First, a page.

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Often they don’t talk much, all of their stories fit on a piece of cardboard. But Massachusetts-based artists Kenji Nakayama and Christopher Hope prove those stories are worth exploring. Their project, called “Signs for the Homeless”, started in 2012: the artists would buy the signs of the homeless people for $10 and give them back some really cool and vibrant typographic pieces of art.

The aim of this project is to raise awareness about the poverty and help the panhandlers to better express their needs. You can see in the before and after shots that new hand-crafted colorful signs are all about clarity and capturing attention. In exchange, the artists explored each homeless person’s back-story, asking questions about their current state and how they got there.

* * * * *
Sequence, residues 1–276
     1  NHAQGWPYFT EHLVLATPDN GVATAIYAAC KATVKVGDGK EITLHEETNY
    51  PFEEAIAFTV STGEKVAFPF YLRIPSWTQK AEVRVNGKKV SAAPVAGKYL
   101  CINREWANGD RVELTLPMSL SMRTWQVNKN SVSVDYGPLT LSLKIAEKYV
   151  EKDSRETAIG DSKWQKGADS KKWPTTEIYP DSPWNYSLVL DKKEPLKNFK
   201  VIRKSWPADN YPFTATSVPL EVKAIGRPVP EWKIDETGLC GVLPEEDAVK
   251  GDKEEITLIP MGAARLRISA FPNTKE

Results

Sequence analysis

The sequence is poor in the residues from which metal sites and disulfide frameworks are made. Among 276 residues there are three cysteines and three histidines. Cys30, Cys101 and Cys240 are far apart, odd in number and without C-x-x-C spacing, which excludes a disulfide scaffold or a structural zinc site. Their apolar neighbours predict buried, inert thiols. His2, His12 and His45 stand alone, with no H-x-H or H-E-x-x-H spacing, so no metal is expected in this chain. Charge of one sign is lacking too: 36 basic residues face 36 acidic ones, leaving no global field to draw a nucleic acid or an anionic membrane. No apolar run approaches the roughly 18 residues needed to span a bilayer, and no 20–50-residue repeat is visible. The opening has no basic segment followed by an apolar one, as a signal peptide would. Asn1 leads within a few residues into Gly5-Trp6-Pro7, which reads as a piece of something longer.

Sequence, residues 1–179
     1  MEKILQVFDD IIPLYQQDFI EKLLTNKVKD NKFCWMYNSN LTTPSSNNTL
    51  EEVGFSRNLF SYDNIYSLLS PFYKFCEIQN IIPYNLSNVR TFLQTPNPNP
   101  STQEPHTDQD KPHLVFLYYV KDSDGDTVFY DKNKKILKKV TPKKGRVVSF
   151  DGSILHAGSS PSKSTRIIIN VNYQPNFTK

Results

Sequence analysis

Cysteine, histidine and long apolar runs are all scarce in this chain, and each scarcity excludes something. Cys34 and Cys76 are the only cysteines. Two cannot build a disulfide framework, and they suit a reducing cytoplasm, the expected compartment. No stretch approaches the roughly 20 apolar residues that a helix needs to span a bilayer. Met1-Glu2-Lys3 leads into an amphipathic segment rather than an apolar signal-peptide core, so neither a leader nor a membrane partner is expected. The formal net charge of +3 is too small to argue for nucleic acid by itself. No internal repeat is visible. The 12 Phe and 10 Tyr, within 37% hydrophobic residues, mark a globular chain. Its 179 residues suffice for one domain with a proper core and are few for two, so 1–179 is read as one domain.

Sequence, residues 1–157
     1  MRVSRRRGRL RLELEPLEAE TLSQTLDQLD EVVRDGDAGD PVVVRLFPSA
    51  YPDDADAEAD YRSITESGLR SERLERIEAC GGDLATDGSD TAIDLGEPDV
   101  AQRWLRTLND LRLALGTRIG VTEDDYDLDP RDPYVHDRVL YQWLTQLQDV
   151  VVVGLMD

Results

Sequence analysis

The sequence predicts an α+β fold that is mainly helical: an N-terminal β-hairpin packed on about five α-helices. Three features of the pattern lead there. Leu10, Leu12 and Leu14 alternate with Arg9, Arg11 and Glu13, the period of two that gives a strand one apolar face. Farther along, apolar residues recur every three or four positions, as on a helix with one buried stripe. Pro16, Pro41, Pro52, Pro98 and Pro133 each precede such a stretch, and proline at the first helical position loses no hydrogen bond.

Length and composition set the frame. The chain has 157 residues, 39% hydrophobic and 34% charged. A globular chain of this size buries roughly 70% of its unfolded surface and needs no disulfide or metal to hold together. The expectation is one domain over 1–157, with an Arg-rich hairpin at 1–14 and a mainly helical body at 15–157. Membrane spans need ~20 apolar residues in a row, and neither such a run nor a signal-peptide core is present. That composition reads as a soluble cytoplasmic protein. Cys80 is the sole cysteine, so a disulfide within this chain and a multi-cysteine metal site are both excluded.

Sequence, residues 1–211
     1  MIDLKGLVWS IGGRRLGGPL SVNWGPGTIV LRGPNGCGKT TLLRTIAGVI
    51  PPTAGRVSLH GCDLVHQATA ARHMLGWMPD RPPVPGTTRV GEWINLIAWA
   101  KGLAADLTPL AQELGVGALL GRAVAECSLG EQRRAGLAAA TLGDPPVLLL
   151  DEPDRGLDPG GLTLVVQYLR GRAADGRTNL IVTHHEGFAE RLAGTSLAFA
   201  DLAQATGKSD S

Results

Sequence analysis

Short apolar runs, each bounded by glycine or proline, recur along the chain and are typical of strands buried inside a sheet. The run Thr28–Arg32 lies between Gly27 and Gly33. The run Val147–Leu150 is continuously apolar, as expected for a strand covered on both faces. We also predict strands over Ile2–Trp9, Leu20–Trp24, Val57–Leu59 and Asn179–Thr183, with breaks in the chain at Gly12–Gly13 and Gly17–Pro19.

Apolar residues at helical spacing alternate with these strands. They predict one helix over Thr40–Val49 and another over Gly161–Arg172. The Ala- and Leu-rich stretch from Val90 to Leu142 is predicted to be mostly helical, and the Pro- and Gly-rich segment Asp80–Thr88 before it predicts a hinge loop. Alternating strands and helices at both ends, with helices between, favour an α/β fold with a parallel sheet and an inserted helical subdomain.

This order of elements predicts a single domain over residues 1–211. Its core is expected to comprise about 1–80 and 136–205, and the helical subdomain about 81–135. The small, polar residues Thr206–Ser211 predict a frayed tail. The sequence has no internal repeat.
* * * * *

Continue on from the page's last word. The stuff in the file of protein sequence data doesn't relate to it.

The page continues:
The project, however, has received some criticism, saying that the new stylish signs may have people doubt the seriousness of the situation of the homeless. True, the signs look a bit like ads, and you might think that they are representing some eccentric campaign, but once you read the stories, all those doubts are cleared. Quite a powerful way to draw attention!

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